But it was, after all, a home for elves and a place to come and wait for the arrival of his baby in some peace and isolation. And so the sight of the falling water and the high, airy structures filled Legolas with elation.
The few elves still inhabiting Rivendell were warily welcoming to the pair. While Gimli had certainly proven himself an invaluable ally, he was nonetheless a dwarf; and the tension between dwarves and elves had not dissipated overnight. Legolas requested the two be quartered together, and as members of the Fellowship, a lovely home next to the house of Elrond was made available.
The first place Legolas visited after settling in and resting was the grave of Aragorn's mother. Months earlier he had looked on as Elrond and Aragorn stood at this very spot, just before the Fellowship set out on their quest. He had wondered then what it had been like for Aragorn to be a man raised among elves. Now he reflected on what it had been like for this woman to carry Aragorn in her womb the way he now held the man's seed in his own. At the grave he found some peace and began to contemplate his future and that of his child.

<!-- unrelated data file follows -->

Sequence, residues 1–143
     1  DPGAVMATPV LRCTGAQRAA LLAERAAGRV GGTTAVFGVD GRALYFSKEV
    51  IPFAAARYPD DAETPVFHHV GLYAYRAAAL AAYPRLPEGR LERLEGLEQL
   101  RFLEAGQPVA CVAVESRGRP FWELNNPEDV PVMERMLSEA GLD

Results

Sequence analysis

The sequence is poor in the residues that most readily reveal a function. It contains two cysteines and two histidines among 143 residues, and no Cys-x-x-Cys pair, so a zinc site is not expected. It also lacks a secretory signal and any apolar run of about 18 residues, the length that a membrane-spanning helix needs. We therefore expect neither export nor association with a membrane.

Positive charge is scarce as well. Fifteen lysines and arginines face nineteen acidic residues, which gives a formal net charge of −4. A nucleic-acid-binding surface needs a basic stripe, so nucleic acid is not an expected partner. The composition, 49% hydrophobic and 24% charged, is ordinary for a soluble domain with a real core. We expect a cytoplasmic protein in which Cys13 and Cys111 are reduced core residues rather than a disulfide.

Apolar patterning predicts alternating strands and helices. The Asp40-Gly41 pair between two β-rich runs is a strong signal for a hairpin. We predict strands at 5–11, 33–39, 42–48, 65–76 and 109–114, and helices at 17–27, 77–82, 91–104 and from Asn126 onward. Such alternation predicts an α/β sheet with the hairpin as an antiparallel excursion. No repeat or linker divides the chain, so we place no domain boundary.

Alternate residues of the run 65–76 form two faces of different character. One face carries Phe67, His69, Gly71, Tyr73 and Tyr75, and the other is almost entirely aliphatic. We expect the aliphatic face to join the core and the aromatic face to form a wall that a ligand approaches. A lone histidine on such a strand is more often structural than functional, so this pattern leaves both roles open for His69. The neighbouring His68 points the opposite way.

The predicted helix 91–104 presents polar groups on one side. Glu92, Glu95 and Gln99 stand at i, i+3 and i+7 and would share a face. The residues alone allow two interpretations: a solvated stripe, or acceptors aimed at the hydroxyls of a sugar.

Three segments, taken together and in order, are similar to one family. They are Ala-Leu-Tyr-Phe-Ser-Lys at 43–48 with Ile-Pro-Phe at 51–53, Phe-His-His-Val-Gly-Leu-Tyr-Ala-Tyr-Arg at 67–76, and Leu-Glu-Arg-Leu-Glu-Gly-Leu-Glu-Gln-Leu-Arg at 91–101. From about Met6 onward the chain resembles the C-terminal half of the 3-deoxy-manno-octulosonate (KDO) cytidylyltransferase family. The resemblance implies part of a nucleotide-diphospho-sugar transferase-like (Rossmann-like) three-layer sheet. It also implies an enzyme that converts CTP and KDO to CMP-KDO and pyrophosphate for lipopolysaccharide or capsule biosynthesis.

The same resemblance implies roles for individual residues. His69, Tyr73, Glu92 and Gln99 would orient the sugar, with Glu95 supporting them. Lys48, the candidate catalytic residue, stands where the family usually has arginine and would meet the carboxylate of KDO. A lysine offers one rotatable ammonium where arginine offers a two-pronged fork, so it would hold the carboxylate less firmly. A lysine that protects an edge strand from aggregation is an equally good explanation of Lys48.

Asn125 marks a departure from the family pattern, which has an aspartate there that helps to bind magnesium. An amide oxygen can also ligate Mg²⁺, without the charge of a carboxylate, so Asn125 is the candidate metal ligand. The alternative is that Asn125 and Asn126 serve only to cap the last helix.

Would the child choose to live as a man or as an elf?
As time passed, the two were accepted and even embraced by the elves of Rivendell. They stayed together in their ornate home, enjoying the mild summer weather, the good food and the serene surroundings. They slept in the same bed, finding comfort in the closeness, just as they had nestled together at night on the long journey. Legolas borrowed books from Elrond's library, and often he read aloud to Gimli.